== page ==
Juhas documents his character rigging process in Harmony Premium

Interested in designing and rigging a 2D character for a professional-grade animated production? A new tutorial series from Piotr Bartosik (known online as Juhas) has you covered. Providing an in-depth look at his own personal project made using Harmony Premium, these videos take users from initial character design through to a fully deliverable character model, ready to be animated!

We spoke with Juhas, and he was kind enough to provide extra insights on his rigs. He covers his favourite uses of Harmony Premium’s features, and provides practical tips for improving workflow and organization. Juhas also offered valuable advice on how character rigging and build artists can pitch themselves to the industry.

A talented rigging artist with more than a decade’s experience in animation, Juhas is currently a Technical Supervisor at Lighthouse Studios, the team behind kids’ favourites such as Bug Diaries and If You Give a Mouse a Cookie. Watch his tutorials and read our interview with Juhas below!

An episode at the end of Juhas’ rigging series on YouTube, featuring final touches on a character rig.

Hi Juhas. What are the fundamentals to remember when building a good character rig?

Build only what you need based on the animatic. Build with simple shapes, and add deformers only if needed. If it’s the main character — add all the features requested by your animation director, but always keep it simple! You don’t want animators to struggle with overly-complicated rigs.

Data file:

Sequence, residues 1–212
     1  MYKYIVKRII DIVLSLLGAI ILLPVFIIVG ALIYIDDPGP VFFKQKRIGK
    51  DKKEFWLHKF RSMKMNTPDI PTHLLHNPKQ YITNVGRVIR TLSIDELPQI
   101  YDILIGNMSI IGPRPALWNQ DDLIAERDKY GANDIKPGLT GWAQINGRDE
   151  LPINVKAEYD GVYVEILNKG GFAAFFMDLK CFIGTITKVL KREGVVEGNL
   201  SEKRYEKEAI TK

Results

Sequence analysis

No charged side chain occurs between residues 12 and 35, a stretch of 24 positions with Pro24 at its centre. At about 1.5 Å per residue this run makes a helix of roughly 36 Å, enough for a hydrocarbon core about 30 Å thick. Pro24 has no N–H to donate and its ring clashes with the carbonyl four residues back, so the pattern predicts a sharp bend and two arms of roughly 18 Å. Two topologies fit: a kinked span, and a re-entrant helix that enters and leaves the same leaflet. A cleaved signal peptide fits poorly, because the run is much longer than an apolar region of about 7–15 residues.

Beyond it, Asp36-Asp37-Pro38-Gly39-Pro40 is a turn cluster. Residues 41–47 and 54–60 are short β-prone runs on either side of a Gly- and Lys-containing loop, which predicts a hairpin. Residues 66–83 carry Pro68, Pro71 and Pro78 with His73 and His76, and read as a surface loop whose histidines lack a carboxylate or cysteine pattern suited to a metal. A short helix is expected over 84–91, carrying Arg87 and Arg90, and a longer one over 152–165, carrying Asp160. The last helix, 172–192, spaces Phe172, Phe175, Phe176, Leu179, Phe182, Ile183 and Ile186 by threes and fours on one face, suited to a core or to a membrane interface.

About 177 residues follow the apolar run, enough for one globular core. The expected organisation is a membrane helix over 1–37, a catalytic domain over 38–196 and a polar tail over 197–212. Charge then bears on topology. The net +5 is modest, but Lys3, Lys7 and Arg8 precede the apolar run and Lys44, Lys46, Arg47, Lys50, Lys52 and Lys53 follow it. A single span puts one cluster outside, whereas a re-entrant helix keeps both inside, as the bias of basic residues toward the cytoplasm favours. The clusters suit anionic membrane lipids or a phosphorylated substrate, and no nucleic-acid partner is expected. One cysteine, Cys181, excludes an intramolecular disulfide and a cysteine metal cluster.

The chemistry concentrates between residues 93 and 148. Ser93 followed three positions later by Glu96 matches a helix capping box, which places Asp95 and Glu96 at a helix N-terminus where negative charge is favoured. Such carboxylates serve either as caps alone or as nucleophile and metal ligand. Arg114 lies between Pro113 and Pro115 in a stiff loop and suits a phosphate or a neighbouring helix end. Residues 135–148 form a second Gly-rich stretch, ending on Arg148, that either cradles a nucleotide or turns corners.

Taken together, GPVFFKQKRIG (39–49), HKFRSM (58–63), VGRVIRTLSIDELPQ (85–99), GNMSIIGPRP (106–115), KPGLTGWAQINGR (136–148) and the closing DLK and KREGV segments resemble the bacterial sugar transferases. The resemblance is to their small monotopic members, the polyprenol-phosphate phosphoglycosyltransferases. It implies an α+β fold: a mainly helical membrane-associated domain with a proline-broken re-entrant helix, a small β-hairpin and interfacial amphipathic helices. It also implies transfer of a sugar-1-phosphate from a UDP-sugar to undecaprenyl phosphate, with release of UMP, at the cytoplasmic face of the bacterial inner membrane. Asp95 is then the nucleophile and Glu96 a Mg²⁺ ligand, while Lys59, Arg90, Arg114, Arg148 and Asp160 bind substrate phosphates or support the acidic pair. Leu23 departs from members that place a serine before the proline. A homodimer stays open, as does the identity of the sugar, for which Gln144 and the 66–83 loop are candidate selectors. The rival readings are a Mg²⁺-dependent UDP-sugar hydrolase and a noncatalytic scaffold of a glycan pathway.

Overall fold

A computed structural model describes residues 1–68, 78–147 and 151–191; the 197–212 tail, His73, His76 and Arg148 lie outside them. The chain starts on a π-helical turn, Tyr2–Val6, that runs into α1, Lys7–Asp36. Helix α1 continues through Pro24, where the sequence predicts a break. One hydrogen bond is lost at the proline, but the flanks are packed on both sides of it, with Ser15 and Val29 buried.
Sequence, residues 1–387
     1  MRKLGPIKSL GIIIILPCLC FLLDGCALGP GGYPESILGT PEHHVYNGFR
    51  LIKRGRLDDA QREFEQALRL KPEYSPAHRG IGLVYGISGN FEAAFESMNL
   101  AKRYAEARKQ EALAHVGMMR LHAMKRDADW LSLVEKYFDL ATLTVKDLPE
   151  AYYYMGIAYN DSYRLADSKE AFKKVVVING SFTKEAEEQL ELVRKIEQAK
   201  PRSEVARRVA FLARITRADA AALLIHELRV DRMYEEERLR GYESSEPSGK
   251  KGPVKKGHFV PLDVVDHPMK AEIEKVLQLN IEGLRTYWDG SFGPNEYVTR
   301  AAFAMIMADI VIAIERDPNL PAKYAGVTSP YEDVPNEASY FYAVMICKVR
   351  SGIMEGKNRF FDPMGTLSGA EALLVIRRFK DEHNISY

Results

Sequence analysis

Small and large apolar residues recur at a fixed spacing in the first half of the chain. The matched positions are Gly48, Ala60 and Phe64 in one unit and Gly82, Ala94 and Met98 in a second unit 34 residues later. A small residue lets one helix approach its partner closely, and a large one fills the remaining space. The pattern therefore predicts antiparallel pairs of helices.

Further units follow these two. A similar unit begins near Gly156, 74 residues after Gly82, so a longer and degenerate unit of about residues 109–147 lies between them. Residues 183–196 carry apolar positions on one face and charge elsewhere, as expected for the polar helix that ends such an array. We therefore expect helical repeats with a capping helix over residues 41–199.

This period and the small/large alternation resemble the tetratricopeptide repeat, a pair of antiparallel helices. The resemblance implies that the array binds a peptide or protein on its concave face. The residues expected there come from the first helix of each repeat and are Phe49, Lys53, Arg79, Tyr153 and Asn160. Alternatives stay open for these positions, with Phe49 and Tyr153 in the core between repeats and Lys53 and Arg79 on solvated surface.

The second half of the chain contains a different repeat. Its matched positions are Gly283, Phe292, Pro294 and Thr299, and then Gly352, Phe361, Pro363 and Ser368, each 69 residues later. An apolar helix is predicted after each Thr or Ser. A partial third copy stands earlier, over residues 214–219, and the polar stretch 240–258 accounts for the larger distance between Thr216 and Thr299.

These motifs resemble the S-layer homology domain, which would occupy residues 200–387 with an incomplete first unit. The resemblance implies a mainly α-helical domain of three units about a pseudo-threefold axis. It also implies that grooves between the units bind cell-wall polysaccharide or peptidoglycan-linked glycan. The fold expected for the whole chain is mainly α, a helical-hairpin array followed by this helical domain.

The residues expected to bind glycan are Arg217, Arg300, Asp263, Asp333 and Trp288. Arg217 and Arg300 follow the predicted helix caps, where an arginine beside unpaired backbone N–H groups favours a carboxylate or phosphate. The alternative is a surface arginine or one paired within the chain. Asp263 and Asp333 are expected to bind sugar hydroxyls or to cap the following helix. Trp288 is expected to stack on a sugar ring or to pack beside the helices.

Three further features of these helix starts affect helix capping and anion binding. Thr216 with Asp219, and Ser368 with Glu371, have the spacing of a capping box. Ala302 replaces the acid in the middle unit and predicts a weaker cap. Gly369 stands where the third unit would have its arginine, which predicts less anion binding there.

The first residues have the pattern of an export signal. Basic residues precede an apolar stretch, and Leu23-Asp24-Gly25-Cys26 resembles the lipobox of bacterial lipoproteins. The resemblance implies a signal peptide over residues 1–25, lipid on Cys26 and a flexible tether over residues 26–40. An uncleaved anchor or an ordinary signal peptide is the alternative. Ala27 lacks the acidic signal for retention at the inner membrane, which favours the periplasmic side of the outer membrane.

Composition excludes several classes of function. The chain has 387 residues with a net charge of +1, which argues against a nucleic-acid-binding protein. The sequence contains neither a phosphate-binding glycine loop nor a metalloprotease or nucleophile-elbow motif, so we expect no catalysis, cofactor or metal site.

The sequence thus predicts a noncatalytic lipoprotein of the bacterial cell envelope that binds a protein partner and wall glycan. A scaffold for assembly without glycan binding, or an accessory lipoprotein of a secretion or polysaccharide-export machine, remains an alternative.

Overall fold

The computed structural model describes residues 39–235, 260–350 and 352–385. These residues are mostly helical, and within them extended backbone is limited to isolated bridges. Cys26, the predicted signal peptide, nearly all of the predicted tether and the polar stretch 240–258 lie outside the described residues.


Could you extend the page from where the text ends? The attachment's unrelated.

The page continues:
In the tutorials you draw and rig a human character. What are the most challenging features of a human to rig?

I would say the head. The complexity will depend on the design and animation style. Even if the design seems simple, you still have to add mouth charts, blinks, hair and make them work in all views.

A large part of the tutorial series is dedicated to the character’s facial features. What are the most important tools when doing this part of a rig, and why?

The first would be Envelope Deformers. You can make a full turnaround on one drawing substitution (one for each face part). This results in smooth transitions between views and also makes the master controllers practical.

The second is Auto Patch. This tiny node is super powerful, especially when working on a character with visible black line-art. If I’m being honest, I can’t find any alternative to this feature in other animation software.

Thirdly, a consistent head turn design. Without it, the rig artist spends too much time trying to make it work.

Character expression samples provided by Juhas.

You mentioned the Auto-Patch node in Harmony Premium. Can you tell our readers a bit more about how it can be useful?

It’s a great conditional tool when mixed with Cutter. Especially when you work on flat coloured 2D characters with dark lineart.

Let’s say you have two shapes: An arm and a forearm. You have to merge them together, but when you place one on top of the other, there’s a visible line overlapping the colour. So the easy way around it is to separate lineart to a lineart layer and fill colour to colour art layer. By using Auto-Patch with Cutter, you can easily remove the lineart from a shape, but only when one shape overlaps the other. You can go even further

Continue reading

This post was originally published on this site